Pakistan landslides kill three soldiers, bury rescuers

A month after superstorm Sandy, suffering lingers

Fed official sees only slight GDP hit from Sandy

Haiti opts for ID security program

Schriever squadrons assure safe passage in space domain

Americans love (and hate) their mobile phones: survey

New York art museum to display video games

The music of the silks

Amid Egypt crisis, Addis pushes Nile dam

'Time running out' for Kiribati as seas rise: president

Overfishing threatens Pacific tuna: officials

Seas rising 60 percent faster than UN forecast: study

Adventurer to recreate Shackleton's Antarctic exploits

Adventurer to recreate Shackleton's Antarctic exploits

Ice Sheet Loss At Both Poles Increasing, Study Finds

Definitive study highlights polar ice melt

Hot springs in Alps make for luxury Swiss caviar

China, EU protect each others' asparagus and ham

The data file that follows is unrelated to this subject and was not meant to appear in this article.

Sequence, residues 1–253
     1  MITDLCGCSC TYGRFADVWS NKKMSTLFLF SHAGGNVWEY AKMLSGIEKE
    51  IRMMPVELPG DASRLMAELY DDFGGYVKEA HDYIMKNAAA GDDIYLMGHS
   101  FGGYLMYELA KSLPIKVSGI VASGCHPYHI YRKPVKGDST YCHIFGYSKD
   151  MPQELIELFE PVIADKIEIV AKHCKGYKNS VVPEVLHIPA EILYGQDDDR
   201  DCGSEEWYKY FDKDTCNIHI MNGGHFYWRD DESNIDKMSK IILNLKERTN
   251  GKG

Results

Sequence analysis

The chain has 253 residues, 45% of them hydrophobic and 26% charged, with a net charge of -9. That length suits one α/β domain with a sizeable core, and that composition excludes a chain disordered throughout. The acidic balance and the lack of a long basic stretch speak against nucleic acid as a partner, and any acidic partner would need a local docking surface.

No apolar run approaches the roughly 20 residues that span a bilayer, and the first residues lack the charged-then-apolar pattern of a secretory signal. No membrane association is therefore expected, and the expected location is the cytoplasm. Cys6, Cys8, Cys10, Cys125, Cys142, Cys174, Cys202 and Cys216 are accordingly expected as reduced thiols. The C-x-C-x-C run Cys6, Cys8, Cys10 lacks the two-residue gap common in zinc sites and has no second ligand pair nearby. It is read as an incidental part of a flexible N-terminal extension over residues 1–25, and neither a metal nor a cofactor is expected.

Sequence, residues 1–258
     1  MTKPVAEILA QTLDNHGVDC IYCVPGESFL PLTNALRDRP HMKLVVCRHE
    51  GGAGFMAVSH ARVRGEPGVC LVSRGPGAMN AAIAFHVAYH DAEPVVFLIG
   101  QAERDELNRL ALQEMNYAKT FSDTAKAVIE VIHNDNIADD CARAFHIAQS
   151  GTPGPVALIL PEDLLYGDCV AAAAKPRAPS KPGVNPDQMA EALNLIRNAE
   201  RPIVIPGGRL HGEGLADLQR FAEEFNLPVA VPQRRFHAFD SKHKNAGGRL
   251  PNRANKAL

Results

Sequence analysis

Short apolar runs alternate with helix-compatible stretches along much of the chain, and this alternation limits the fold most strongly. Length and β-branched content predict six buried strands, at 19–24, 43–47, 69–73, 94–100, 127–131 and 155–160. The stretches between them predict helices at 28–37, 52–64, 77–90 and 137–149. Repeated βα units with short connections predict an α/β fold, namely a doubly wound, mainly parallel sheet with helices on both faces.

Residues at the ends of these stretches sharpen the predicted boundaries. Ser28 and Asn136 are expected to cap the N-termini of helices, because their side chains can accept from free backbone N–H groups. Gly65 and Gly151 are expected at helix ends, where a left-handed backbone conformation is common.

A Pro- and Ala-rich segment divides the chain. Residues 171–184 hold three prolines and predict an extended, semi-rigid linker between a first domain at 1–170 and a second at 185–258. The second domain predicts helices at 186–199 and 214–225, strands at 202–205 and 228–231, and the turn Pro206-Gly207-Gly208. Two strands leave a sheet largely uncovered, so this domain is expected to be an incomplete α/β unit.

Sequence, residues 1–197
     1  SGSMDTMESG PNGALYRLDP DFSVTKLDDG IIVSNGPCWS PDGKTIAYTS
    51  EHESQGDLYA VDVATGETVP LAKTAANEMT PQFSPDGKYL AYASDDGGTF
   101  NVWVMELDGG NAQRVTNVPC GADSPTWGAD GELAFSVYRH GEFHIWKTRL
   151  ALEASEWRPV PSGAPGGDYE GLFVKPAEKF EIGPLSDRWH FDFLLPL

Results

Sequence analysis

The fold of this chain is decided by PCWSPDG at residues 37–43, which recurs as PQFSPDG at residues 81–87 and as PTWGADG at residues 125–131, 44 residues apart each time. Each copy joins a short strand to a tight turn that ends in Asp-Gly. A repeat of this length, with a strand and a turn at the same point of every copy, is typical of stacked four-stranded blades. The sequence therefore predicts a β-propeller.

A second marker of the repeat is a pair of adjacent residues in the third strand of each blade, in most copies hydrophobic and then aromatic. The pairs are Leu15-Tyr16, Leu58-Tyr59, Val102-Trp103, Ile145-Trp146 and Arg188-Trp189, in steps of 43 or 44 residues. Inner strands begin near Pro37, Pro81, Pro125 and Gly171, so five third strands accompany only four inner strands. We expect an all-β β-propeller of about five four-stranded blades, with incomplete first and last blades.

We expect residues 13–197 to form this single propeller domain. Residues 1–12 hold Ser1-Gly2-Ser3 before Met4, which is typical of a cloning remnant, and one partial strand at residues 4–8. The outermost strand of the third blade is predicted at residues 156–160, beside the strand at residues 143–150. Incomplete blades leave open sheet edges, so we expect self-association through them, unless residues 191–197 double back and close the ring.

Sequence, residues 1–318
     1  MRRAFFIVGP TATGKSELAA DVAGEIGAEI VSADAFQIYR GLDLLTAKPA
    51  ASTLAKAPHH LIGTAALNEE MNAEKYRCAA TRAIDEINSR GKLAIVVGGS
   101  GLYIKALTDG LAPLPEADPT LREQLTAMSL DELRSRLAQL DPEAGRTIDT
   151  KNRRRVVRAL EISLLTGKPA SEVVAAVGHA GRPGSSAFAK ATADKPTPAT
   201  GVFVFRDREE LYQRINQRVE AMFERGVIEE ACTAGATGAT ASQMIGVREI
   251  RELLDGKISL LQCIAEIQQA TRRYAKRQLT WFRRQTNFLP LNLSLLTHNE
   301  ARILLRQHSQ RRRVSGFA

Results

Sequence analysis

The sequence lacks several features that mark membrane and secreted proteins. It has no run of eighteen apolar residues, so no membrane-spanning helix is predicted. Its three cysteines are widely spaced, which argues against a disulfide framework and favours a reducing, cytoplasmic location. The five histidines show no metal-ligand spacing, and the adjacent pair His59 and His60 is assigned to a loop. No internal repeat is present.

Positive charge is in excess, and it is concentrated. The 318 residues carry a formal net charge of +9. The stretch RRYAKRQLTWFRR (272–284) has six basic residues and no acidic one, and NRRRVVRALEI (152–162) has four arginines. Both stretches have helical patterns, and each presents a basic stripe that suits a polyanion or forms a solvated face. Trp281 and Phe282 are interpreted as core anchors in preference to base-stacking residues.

The hungry caterpillar: Beware your enemy's enemy's enemy

Increasing Drought Stress Predicted to Challenge Vulnerable Hydraulic System of Plants

Deadly 2012 Atlantic storm season officially ends

Thousands in Philippines flee ahead of typhoon

Renewed flooding threatens Niger capital

NASA Study Could Improve Hurricane Strength Forecasts

S.Africa hunters try to clean up image

Ethiopia to stay in Somalia until AU takeover: PM

Algeria's ruling party eyes landslide in local elections

Madagascar to probe rights abuses by security forces

Long-held memory tenet challenged

A 3-D light switch for the brain

Scientists improve dating of early human settlement

Oldest home in Scotland unearthed

The content herein, unless otherwise known to be public domain, are Copyright 1995-2014 - Space Media Network. AFP, UPI and IANS news wire stories are copyright Agence France-Presse, United Press International and Indo-Asia News Service. ESA Portal Reports are copyright European Space Agency. All NASA sourced material is public domain. Additional copyrights may apply in whole or part to other bona fide parties. Advertising does not imply endorsement,agreement or approval of any opinions, statements or information provided by Space Media Network on any Web page published or hosted by Space Media Network. Privacy Statement